Sales of distressed properties could pull home prices down by another 10%, according to CoreLogic chief economist Mark Fleming.
The CoreLogic House Price Index is already down 35% from the peak of values established in 2006.
"It wouldn't be surprising to see 10% declines," he said, citing a "shadow inventory" of 2 million loans that are 90 days or more past due and in foreclosure.
In addition, there are 3.5 million homes currently listed for sale and about one-third of those sales involve foreclosed properties and short sales.
In markets with high concentrations of REO, distressed properties are selling at "big discounts" of around 30% to 35%, said Fleming during a Wednesday presentation in Washington.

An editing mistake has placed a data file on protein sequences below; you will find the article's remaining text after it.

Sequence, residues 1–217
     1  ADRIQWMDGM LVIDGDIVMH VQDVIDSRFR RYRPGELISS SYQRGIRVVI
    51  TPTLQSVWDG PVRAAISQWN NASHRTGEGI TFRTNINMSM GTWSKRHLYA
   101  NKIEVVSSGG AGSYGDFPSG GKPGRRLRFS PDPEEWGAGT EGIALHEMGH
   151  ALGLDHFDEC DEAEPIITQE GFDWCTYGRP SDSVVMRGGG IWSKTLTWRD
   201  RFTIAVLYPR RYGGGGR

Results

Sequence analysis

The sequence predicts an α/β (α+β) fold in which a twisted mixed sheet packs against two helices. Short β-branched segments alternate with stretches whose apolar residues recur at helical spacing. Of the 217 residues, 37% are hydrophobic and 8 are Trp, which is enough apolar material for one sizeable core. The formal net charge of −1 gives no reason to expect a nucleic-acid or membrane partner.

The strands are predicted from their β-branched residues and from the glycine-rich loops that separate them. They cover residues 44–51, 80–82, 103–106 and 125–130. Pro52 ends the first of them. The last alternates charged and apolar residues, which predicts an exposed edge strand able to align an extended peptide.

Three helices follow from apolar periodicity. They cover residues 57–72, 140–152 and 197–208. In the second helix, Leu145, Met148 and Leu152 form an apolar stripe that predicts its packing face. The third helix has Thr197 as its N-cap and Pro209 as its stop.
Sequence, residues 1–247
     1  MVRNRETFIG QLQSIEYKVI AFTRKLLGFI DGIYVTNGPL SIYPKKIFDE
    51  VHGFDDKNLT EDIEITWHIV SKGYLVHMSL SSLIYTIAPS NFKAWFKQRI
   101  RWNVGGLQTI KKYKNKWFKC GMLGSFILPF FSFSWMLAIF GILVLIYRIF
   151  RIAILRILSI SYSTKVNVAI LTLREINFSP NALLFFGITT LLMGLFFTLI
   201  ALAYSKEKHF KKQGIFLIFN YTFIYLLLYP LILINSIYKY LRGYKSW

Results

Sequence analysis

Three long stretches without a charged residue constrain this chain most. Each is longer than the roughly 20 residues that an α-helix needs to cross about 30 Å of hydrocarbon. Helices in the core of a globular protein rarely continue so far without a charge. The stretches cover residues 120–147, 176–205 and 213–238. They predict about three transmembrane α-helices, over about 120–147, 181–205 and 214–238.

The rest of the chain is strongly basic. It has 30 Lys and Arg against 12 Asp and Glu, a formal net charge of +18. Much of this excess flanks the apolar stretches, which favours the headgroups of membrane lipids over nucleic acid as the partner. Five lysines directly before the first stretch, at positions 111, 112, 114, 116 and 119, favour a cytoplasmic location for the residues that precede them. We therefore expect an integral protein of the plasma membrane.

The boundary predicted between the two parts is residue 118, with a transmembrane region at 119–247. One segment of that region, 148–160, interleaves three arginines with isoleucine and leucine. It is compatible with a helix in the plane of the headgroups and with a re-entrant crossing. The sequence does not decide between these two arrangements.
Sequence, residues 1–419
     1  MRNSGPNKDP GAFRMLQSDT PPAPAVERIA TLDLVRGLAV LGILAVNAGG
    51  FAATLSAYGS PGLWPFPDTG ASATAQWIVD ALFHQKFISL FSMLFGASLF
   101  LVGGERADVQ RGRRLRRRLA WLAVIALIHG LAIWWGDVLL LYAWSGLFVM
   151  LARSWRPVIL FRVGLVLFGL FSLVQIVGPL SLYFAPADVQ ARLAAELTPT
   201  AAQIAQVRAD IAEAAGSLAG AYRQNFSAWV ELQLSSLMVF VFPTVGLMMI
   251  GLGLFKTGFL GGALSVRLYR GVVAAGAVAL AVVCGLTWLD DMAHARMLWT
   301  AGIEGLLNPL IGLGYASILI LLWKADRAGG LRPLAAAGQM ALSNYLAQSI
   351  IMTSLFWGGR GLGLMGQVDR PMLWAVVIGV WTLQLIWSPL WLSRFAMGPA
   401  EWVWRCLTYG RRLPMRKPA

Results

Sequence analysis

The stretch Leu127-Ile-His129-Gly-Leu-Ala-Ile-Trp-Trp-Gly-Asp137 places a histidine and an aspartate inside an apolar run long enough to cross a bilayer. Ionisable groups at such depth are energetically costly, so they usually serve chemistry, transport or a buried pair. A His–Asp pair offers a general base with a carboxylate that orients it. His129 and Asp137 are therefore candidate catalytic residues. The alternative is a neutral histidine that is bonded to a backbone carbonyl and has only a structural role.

But he noted that prices are stabilizing in healthy markets. The February CoreLogic HPI that excludes distressed sales fell by only 0.7% over the past year, compared to 6.7% for the HPI that includes REO and short sales.
In many metropolitan areas, the urban centers and inner suburbs are weathering the housing recession fairly well with the outer suburbs suffering the most as measured by defaults and foreclosures. "That's where a lot of the building activity happened," Fleming told National Mortgage News. "The tenure of those homes is much shorter — they got mortgages at the height of the market and they have less equity to start with."